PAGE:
I learned to be a doctor in hospitals. For my generation, there was none of today’s going out into the community to see what it’s like—the patients came to us and our superiors told us what to do. So when I became a doctor, like many of my colleagues I stayed in the hospital. And stayed.
That was it until the end of last year, when I ventured out into the real world (or the “dark side,” as hospital-based purists see it). Seeing patients in a setting other than a hospital took some adjustment, because the hospital environment leads to a singular way of doing things. But after the adjustment, it became clear that there are advantages to working in a free-standing unit (and no, Dr Brian Day had nothing to do with this epiphany). My observations have been made previously by others, and naturally there is a tendency to view the new environment through rose-colored glasses, but I still like what I have seen. Here are some of the things I have concluded:
A hospital is a hospital, and anywhere else is not
The most frequent comment from patients who have come with me out of the hospital is “Wow, this is nice!” The environment can be whatever you want it to be in the outside world, with the views and decor that we all like, whereas the hospital environment arises from what the budget and the administration allow. Hospitals must guard against the greatest possible threats, such as superbugs and physical violence, whereas a private unit is unlikely to face these threats. The point of a hospital is the provision of serious care, but it must also concern itself with the administration of complex programs. Outside the hospital the patient is the point.
A hospital is a department store; a private office is a mom-and-pop operation
While practising in a hospital meant that most required services were available within the facility, being outside means that not everything comes immediately to hand. Hospitals have specific people to do specific jobs, but in a private unit it helps to be generally capable. I understand and respect the need for unions—a big organization can’t function efficiently without them—but there is something attractive about having whoever is first on the scene fixing the problem. It certainly helps keep morale high.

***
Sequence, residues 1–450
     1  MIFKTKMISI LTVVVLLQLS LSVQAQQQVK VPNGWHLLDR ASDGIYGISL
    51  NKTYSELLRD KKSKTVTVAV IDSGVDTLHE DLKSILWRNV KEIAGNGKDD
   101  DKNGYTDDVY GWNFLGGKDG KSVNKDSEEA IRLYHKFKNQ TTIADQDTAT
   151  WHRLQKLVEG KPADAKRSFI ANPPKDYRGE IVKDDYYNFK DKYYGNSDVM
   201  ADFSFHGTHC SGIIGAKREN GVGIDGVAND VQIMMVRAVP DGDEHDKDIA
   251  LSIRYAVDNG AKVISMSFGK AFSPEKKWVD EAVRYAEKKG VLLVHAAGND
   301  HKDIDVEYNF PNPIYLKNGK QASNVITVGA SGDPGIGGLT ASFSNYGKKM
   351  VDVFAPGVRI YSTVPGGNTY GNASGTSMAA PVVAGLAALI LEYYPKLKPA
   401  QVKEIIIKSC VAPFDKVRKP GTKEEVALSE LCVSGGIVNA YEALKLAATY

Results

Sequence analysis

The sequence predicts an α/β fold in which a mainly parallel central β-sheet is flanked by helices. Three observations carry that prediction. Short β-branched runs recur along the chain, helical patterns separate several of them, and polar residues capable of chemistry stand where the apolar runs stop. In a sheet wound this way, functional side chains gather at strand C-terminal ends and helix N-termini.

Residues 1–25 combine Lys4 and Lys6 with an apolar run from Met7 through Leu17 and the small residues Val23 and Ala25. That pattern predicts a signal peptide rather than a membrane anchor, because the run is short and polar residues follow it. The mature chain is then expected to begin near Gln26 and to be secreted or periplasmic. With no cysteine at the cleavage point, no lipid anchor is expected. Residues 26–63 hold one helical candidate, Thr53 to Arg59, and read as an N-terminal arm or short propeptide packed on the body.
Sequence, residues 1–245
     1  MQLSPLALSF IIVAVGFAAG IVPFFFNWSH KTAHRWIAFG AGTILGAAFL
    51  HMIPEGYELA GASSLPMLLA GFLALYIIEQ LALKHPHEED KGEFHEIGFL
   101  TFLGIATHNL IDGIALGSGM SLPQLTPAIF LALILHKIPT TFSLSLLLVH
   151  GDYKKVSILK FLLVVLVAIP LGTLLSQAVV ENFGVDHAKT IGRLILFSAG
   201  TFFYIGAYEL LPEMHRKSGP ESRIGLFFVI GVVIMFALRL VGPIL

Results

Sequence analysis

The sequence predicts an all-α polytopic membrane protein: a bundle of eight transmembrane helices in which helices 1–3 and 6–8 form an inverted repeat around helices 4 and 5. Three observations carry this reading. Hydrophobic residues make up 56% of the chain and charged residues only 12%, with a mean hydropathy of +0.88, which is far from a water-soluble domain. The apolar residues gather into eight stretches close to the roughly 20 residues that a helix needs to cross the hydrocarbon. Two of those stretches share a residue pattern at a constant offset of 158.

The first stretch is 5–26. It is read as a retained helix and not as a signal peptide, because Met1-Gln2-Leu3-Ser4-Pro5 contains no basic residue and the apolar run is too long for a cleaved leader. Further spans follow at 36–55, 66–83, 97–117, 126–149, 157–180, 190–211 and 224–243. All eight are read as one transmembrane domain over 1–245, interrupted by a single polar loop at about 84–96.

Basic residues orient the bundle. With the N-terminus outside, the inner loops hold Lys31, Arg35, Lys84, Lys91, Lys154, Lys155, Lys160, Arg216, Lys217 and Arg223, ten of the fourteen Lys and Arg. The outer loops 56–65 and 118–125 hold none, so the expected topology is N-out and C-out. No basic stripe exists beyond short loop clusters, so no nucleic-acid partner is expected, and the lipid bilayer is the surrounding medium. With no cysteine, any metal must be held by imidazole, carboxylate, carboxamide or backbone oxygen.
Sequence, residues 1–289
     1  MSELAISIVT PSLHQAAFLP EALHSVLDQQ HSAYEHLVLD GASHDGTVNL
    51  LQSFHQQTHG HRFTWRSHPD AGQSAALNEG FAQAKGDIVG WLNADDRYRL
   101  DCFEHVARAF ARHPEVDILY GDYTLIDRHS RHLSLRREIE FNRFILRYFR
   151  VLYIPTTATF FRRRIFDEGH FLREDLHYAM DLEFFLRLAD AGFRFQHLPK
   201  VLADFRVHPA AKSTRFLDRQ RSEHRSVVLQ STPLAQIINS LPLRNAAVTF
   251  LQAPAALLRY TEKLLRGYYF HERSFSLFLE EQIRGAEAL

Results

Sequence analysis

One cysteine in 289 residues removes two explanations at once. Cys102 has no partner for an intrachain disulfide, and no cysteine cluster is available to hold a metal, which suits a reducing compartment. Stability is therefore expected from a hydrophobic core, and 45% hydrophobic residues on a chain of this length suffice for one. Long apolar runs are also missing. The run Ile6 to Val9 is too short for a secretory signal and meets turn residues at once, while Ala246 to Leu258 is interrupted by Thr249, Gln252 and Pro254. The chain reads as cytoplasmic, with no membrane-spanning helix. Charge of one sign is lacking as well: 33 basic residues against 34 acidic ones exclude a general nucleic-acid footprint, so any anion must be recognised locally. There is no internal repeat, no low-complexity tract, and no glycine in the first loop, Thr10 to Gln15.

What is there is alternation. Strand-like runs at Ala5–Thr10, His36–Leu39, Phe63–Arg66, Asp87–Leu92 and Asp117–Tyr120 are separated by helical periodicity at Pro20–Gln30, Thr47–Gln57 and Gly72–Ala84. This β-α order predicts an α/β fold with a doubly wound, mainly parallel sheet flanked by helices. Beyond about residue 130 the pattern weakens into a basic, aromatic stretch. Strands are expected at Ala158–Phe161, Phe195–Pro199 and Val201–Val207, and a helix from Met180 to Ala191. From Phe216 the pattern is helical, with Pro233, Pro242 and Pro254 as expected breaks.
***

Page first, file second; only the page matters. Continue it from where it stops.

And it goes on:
Institutional pride is one thing; pride in personal accomplishment is another
Having a place in an institution or corporation with a reputation for excellence instils a feeling of pride, but it is not the same as the pride that comes from unique personal accomplishment. Both are desirable, but the former relies on the performance of many people and the systems that make them function together. The latter won’t attract as much attention, but the feeling of reward is more intense. Building a practice or unit from scratch, and then establishing a reputation for excellence in that practice or unit, is about as rewarding as it gets in the business of medicine.
I’m excited to be in my new location, and I am astonished by the all-round capabilities and cheerfulness of all who work there. The continued presence of trainees is a link back to the hospital and keeps me on my toes. Of course, medical practice in any location has its business side, so naturally I have always listened to what politicians say and I read the financial pages closely. But since leaving home I am paying more attention, especially to the politicians. I can confirm that there are clinicians in both hospital-based and independent practice who strain to do their best with the resources they have, and do an outstanding job. And, as has been said before, each group thinks that the other has it easier. Of course, they’re right.
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